Friday, November 16, 2007

National Book Award Finalist: Skin Hunger: A Resurrection of Magic, Book One by Kathleen Duey

This post reviews the fourth of five National Book Award finalists, Skin Hunger, by Kathleen Duey.

In a dark and disordered world, in which magic has been banished except for the practice of charlatans and vestiges of nonsense jingles and Gypsy songs, Kathleen Duey has woven the story of two young people separated by generations but bound to the quest for the resurrection of magic, a magic which is a cruel and pitiless master, but one which promises to redeem mankind from suffering and death.

Skin Hunger (Atheneum, 2007) is the story of two teens, Sadima and Hahp, told in alternating chapters in seemingly unrelated plot lines. Sadima, whose mother died at the hands of a quack magician at her birth, has grown up under the care of her loving older brother, avoiding her sad and bitter father who still grieves the loss of his wife. In a chance meeting with a compelling young man named Franklin, Sadima reveals her ability to understand the "silent speech" of animals, and with the death of her father Sadima feels free to follow Franklin's request to join him in the city of Limori, many days away by foot. Reunited with him, she learns that Franklin is bound for life to a strange master, Somiss, a driven young man consumed with the quest to recover the lost magic of the distant past.

In the city Sadima is taught first to copy and then teaches herself to read the remnants of magical songs and chants which Somiss is assembling. Although she yearns to escape Somiss's domination, Sadima becomes hopelessly bound to his obsession because of her love for Franklin, who knows that he alone has the power to mitigate Somiss's monomaniacal search for control of the lost magic. Finally, pursued by his cruel father, Somiss, bearing his precious copies of magical song, leads Franklin and Sadima into a cavernous redoubt where they will piece together the secrets of the ancient wizardry which Somiss believes will restore health and end war on earth.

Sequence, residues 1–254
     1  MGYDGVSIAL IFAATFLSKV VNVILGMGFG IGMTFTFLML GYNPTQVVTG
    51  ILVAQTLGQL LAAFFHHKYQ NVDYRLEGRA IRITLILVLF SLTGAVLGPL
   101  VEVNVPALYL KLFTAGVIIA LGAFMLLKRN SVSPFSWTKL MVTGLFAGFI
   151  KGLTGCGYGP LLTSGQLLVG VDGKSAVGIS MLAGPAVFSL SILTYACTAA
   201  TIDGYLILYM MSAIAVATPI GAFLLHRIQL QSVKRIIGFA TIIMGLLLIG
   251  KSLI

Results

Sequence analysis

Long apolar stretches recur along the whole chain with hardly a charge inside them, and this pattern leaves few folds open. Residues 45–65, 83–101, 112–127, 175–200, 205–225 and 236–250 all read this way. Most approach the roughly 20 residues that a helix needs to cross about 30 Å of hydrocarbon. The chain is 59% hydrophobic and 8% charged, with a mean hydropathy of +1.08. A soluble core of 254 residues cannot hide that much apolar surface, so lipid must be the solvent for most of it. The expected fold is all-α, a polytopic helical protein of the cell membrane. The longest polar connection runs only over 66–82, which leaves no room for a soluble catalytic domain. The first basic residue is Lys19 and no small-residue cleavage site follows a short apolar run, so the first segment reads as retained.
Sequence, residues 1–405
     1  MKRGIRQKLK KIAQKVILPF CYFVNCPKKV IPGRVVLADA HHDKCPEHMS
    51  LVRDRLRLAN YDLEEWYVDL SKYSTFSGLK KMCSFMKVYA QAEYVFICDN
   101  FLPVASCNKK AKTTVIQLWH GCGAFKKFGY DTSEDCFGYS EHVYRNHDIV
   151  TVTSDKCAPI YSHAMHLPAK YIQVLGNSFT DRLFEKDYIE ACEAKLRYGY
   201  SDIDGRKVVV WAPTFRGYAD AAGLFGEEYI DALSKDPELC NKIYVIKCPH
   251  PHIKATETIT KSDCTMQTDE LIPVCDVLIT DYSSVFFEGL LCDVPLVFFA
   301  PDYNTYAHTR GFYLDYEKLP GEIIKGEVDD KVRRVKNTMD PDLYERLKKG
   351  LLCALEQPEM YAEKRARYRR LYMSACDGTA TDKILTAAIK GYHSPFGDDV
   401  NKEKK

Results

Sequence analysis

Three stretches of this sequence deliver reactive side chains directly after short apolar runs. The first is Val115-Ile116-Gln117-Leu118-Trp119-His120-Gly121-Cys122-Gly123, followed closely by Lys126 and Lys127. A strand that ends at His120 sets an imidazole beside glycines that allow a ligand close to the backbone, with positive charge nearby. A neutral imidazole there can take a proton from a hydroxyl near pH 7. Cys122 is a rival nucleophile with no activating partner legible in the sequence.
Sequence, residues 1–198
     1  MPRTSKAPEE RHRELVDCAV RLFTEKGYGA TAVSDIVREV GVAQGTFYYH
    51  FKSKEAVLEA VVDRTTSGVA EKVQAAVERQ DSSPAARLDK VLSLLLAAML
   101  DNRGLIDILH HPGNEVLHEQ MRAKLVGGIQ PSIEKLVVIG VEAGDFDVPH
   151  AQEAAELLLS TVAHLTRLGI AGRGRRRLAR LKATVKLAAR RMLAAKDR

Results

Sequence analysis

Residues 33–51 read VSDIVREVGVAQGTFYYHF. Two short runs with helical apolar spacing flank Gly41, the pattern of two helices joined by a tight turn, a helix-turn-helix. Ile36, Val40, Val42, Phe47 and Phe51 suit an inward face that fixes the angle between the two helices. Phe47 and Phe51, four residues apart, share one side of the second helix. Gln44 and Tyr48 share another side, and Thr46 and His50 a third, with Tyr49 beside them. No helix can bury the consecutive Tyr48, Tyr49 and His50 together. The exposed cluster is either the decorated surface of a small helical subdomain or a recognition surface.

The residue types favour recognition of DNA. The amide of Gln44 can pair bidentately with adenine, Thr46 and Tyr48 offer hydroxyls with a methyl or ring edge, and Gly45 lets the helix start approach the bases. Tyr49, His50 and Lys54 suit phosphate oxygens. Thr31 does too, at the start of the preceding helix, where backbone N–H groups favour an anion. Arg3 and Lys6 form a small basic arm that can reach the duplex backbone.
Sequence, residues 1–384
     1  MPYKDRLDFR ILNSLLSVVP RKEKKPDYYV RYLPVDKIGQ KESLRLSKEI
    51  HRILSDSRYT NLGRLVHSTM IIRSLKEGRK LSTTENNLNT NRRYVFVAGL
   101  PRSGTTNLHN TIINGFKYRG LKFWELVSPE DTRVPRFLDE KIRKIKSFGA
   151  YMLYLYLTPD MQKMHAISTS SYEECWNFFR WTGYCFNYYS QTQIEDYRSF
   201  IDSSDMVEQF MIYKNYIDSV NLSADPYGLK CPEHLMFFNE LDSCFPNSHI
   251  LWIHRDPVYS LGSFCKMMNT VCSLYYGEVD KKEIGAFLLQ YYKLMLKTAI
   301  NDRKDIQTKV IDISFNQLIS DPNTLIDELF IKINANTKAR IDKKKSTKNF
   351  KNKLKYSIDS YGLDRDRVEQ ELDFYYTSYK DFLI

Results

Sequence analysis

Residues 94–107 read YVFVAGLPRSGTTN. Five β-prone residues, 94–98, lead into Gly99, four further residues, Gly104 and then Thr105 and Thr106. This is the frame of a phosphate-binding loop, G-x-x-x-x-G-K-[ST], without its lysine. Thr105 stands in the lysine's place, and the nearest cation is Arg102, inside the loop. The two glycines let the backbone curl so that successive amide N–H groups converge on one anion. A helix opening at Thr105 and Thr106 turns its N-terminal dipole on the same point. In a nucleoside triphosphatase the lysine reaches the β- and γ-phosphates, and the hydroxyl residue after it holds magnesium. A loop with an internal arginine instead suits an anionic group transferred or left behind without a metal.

The second strand of the story is the first person narrative of Hahp, a wealthy but indifferent student, the unloved second son of a rich merchant who is abruptly turned over to a wizardry school in an vast, dimly-lit, underground cavern. With nine other bewildered and terrified students, Hahp is brutally treated by the wizard masters Somiss and Franklin, who allow four of the group to starve when they are unable to learn to conjure up food for themselves. Because the boys are told that they will die if they help each other, Hahp, the first to learn the food-spell, despairs of being the one apprentice who survives to become a wizard, an achievement which he learns will entitle him only to lifelong vows of chastity, poverty, silence, and cloister. Yet, as the first year passes, Hahp and his roommate Gerrard, who rivals Hahp in mastery of the wizards' teachings, make an almost unspoken compact, despite the fearful penalties, to work together to survive their ordeal.

Duey's storytelling skills keep the reader riveted through these separate but engrossing narratives. As the two seemingly unrelated strands progress, it becomes apparent that Sadima's story is indeed the prequel to that of Hahp, who is forced to master the secrets which Somiss and Franklin, now old, yet ageless, and empowered by their merciless and imperfect mastery of magic, seek to guard and transmit.

For those mature young readers who become involved in this first story, which ends abruptly without resolution, the books which follow in this trilogy are sure to be welcome. As Tolkien warned, the possession of magic has the power to destroy the soul, and Duey's tale leaves the reader hoping that Hahp will find a way to gain knowledge without losing his own humanity in the quest.

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